Wednesday, November 29, 2006

Cheer up! We are still in the 20th Century.

I have been nursing a dour notion about what we’ve seen happen to the public mood, since 2000. To me, it seems as if there has been much more going on than myopic commentators perceive. Indeed, I suspect a traumatic reaction to Y2K... that the arrival of a new century has rocked many of our countrymen far more than they allow themselves - at surface - to admit.

How else to explain why a happy, rich, successful and scientific society - one that accomplished miracle after miracle through pragmatic negotiation and ingenuity and neighborly good will - would swing about and choose to dive into nostalgia, spooky romanticism, infighting recrimination and cynical, short-sighted despair?

(Not ONLY from the right, but from every style and variety of indignant dogmatism.)

Is this to be the tone of the 21st Century? A slide away from the Enlightenment and the Great Experiment, shying back when we are on the verge of our supreme triumphs?

Certainly, if we do not wake up and reinforce the experiment, there will be elite powers who attain an array of truly daunting powers, such as real lie detection, personality profiling, and omni-surveillance tools that would make Big Brother look like an amateur. They know that if the people became adept with such technologies, tyranny would automatically vanish forever, so this is their one chance.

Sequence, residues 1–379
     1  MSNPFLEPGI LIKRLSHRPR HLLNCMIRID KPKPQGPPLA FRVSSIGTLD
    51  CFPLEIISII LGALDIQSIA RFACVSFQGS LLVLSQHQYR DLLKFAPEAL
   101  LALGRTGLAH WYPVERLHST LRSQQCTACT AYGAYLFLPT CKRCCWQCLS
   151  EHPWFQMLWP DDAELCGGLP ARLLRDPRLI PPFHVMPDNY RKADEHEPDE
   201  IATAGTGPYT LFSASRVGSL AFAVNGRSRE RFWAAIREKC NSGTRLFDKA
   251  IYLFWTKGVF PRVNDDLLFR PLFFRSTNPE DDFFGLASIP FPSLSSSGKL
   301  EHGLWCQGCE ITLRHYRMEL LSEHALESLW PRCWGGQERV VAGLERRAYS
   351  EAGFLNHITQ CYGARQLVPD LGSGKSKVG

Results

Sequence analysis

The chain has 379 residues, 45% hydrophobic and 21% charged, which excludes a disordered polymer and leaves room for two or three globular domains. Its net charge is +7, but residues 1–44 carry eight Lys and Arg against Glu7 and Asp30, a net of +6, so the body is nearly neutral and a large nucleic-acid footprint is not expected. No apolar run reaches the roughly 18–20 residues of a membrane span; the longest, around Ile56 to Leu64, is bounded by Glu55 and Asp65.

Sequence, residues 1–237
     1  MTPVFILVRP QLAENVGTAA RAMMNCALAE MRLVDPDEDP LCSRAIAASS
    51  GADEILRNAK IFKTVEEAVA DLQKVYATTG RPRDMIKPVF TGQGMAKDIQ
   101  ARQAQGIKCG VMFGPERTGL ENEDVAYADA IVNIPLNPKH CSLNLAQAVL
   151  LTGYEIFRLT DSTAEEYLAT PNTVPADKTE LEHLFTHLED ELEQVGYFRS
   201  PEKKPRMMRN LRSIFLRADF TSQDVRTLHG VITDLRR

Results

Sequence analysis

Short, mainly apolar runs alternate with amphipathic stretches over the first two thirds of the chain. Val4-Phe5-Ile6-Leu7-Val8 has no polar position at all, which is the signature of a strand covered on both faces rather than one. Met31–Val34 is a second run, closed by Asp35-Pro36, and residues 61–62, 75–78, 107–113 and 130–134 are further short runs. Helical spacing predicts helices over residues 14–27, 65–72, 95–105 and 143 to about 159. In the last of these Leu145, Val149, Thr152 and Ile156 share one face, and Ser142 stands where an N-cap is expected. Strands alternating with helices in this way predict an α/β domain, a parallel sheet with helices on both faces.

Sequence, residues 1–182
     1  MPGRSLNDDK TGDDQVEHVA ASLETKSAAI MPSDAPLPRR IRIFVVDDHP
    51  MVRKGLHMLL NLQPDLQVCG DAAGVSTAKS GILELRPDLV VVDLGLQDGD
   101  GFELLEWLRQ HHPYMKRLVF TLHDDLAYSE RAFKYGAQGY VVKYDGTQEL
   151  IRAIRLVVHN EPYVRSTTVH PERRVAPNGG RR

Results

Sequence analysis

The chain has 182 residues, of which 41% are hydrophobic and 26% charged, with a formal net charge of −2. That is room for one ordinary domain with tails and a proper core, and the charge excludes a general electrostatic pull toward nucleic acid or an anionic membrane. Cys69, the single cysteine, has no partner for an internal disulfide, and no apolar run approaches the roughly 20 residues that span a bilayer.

On the other hand, if they succeed at monopolizing these tools, the new tyranny could become pretty much permanent. No wonder they are making their big move now.

Is this the way the century... even the millennium... will be? Allowing the experiment to fail, because of a general malaise and failure of nerve? Perhaps.

And yet... I am cheered by a contrarian thought (a trademark habit the will always send me careening from optimism to pessimism and back again, like a bipolar shaman). The thought that centuries tend not to show their true theme until at least ten years in.

More like twelve or fifteen year. Take, for example, significant milestones in the last three of them.

1712 - The first steam engine and harbingers of a rising scientific Enlightenment.